Six Words

If you’re new to this, see my post about Hemingway’s theory on six words. I’m challenging myself again. This week’s entry for a story in six words:

Divorce: Twenty years, three kids. Done.

Is all this punctuation kind of cheating? It’s really tough to limit myself to six words. But, it does help cut the fat.

I wonder how the stories readers create in their minds, based on a six-word story, compares to the writer’s intent for the six-word story? It seems like it would practically be a 1:1 ratio of different stories. Come to think of it, I don’t know that I even have a complete story in my head with these six words. They’re more of a starting place if anything. Maybe that’s one purpose for the exercise.

In closing, here’s another example from an accomplished writer, Margaret Atwood:

Longed for him. Got him. Shit.

I’ll follow Ms. Atwood’s lead. Punctuation isn’t cheating.

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4 Responses to Six Words

  1. Stephanie says:

    I’ve been a fan of this short-short-short fiction for a while now, and I’m not sure if it’s because of the open-endedness offered to the reader, or because I’m just too lazy to commit to something longer. 🙂 Regardless, I’m loving yours this week. And I don’t think the punctuation is cheating…I think it actually helps craft the story the way the author wants it. Keep it up, girl!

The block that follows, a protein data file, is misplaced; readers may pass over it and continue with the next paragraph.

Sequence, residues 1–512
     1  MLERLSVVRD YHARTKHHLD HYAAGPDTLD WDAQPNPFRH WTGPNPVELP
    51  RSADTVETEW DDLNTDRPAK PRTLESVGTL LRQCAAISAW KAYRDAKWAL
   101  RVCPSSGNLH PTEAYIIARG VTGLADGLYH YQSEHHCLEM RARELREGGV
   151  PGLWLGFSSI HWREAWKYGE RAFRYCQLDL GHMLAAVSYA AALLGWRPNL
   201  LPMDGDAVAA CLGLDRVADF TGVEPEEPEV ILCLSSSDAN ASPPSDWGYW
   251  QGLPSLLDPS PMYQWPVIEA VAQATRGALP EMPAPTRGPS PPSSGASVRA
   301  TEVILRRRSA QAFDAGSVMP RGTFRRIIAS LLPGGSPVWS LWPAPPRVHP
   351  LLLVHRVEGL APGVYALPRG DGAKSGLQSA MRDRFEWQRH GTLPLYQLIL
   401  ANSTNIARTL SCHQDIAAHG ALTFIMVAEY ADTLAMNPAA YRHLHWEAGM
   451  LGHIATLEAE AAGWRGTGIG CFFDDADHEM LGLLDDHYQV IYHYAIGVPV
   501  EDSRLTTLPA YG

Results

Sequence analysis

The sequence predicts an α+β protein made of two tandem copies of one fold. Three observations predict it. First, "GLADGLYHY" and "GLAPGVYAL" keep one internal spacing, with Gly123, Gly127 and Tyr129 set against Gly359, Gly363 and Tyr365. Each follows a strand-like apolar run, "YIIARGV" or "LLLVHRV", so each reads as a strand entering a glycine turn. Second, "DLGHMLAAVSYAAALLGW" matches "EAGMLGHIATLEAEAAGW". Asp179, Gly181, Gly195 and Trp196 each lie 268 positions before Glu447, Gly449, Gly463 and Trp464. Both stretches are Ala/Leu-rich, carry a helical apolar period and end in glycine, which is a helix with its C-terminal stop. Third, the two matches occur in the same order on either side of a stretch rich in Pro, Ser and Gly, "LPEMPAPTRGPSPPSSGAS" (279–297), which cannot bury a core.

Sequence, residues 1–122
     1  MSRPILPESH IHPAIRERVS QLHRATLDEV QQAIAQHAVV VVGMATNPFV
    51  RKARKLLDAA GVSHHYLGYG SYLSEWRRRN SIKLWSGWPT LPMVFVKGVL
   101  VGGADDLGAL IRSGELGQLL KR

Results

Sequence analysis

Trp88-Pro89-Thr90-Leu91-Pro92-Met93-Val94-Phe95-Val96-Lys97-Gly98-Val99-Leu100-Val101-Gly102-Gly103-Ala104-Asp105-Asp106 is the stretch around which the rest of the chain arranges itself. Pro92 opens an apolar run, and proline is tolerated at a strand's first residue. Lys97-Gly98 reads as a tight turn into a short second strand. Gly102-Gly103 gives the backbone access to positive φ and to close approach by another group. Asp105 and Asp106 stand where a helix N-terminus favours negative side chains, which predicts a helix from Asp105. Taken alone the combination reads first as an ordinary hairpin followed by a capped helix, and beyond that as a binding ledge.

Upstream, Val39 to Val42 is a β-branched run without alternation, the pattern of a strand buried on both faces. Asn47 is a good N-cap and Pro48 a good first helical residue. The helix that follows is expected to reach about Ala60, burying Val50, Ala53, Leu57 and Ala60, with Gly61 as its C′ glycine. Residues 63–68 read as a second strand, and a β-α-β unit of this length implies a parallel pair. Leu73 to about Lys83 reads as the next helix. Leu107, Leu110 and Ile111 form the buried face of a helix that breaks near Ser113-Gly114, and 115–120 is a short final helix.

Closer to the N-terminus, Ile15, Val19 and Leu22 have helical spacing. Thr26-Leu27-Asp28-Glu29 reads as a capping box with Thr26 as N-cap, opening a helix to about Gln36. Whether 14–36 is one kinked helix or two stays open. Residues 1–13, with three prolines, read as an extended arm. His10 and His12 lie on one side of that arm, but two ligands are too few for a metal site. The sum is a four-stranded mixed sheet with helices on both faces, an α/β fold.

2. Liz says:

    I’m wondering if I love it for the laziness factor, too, Stephanie :)! Thanks for the kind words about this week’s attempt at six words and your perspective on punctuation. You’re right: it’s the authors choice!

  3. I agree–the punctuation functions as the adjectives you can’t use in so short a piece. Love yours!

  4. Liz says:

    Thanks, Jenni. I like the point you make about punctuation serving almost as adjectives!

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